La Scala is quite rightly considered the most famous opera house in Italy. It was built near the Duomo Cathedral and opened on August 3, 1778. Originally, it was the center of social life of Milan, but eventually it gained worldwide recognition.
The building of the old Royal Ducal Theater of Milan burned down in 1776 following the carnival gala. In those years, Lombardy, with the capital in Milan, was under the rule of the Austro-Hungarian Empire. The Habsburgs have always patronized music, and Empress Maria Theresa, who ruled then, paid special attention to the development of arts in all corners of the empire.
She ordered to build a new large opera house on the former location of the church of Santa Maria alla Scala. This theater got its name from the church. The construction works was commissioned to the architect Giuseppe Permanini who estimated them at 1 million Italian liras. The money was given by 90 noble families of the city.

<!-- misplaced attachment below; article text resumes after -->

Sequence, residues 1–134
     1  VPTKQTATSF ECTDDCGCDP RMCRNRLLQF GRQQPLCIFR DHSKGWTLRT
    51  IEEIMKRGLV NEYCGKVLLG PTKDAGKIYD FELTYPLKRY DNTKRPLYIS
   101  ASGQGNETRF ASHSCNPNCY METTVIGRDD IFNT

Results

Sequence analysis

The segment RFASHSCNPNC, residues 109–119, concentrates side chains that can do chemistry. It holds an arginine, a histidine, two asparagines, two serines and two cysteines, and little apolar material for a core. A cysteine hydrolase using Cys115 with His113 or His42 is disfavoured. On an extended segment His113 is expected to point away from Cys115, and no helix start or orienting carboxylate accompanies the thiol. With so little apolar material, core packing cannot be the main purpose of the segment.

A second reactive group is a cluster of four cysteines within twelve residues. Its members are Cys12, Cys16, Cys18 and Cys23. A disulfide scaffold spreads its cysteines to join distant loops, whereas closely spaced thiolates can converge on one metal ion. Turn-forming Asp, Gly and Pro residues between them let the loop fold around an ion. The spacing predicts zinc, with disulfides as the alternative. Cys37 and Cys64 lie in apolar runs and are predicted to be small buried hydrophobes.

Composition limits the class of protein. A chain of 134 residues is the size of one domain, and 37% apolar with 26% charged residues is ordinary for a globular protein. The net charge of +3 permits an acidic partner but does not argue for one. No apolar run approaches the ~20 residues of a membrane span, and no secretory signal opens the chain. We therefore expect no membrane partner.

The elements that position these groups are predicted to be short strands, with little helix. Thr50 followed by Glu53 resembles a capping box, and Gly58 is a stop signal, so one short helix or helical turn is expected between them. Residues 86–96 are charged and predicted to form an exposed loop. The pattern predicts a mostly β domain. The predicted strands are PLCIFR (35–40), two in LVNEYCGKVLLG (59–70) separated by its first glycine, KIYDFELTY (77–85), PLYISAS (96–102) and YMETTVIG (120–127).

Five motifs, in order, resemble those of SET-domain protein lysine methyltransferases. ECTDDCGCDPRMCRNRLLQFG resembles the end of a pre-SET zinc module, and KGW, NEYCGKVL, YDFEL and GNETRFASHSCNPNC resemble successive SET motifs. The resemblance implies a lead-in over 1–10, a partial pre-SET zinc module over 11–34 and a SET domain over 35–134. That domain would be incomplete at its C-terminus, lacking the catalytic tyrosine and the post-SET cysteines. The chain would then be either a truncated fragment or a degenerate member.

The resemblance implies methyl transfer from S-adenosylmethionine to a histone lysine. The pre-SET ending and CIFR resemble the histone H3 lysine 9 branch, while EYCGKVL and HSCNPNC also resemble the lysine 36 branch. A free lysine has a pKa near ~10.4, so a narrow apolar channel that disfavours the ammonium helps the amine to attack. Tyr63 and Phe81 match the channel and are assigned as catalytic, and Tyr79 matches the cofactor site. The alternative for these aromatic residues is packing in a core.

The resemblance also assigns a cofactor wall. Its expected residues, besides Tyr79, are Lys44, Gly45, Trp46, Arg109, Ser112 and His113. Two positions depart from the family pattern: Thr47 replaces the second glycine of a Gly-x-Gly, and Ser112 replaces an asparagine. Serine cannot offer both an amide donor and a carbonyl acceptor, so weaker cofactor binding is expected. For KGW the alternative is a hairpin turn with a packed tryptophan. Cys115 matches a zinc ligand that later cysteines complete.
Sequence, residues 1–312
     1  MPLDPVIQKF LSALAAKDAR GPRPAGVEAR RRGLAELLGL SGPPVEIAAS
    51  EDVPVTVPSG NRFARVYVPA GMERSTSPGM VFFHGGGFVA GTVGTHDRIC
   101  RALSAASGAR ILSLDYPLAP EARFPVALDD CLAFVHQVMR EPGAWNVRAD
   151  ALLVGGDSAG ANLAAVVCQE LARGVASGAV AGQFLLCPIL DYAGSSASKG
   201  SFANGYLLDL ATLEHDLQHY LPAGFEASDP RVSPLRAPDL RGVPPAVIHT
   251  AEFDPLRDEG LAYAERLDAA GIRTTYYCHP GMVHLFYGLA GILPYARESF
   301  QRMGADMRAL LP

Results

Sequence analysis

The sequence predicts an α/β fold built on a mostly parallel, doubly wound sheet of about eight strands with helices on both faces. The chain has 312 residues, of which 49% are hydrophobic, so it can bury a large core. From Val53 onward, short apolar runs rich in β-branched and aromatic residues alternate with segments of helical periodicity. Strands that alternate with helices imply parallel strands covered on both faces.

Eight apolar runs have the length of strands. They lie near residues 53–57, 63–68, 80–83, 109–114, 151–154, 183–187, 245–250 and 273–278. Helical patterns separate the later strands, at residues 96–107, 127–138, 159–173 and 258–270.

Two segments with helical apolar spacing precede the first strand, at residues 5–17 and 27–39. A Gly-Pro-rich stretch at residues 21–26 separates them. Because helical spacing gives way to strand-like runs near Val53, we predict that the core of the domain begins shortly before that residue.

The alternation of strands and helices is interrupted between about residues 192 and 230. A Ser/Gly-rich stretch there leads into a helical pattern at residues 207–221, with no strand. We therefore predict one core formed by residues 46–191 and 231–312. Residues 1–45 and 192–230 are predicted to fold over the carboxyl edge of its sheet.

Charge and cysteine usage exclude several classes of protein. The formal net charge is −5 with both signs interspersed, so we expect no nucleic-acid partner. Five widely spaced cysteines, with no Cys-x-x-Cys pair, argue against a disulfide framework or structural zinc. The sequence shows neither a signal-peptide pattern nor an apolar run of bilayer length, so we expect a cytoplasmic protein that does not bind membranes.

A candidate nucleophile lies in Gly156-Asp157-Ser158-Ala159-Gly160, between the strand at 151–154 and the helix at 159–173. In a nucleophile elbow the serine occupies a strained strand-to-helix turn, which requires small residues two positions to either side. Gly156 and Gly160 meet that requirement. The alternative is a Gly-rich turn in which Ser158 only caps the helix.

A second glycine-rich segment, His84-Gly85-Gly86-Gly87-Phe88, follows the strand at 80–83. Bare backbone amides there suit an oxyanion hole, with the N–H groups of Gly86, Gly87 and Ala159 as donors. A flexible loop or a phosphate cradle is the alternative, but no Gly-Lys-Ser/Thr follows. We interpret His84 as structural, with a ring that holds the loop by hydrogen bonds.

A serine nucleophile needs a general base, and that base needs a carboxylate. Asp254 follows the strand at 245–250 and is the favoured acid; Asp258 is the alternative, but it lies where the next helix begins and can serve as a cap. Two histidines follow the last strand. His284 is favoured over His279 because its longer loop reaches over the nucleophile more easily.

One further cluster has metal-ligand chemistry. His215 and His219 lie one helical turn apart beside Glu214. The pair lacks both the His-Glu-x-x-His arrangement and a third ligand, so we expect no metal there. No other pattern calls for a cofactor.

When clearing the foundation pit for the theater, a marble stone was found depicting a mime Pilad, which was very popular in the Ancient Rome. It was considered a good sign. Already two years later the construction was finished and La Scala was opened with the opera “Recognized Europe” by Salieri.
The building itself is recognized as one of the best examples of opera houses. It was designed in a strict, one might even say modest, neoclassical style, but the auditorium is luxurious. The arrangement of five tiers of loges in the auditorium was thought out to the smallest details, which was very important for the noble public. The auditorium has the shape of a horseshoe, that is, it is very roomy, but the view from all places is very good. In the middle of the facade above the entrance, a large portal was built for convenient carriage entry.